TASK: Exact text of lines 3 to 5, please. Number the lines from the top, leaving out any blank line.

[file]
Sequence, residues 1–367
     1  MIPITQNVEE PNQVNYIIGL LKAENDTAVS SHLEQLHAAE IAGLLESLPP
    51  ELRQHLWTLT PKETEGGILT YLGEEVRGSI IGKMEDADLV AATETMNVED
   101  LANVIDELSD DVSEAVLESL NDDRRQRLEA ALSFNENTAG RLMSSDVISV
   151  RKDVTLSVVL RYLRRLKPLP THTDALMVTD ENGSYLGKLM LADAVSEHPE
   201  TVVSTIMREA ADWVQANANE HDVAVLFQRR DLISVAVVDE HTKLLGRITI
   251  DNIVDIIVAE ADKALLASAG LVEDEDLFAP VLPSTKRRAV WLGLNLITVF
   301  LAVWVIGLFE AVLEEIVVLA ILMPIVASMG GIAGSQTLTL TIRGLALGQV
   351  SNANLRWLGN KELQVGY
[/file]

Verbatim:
    51  ELRQHLWTLT PKETEGGILT YLGEEVRGSI IGKMEDADLV AATETMNVED
   101  LANVIDELSD DVSEAVLESL NDDRRQRLEA ALSFNENTAG RLMSSDVISV
   151  RKDVTLSVVL RYLRRLKPLP THTDALMVTD ENGSYLGKLM LADAVSEHPE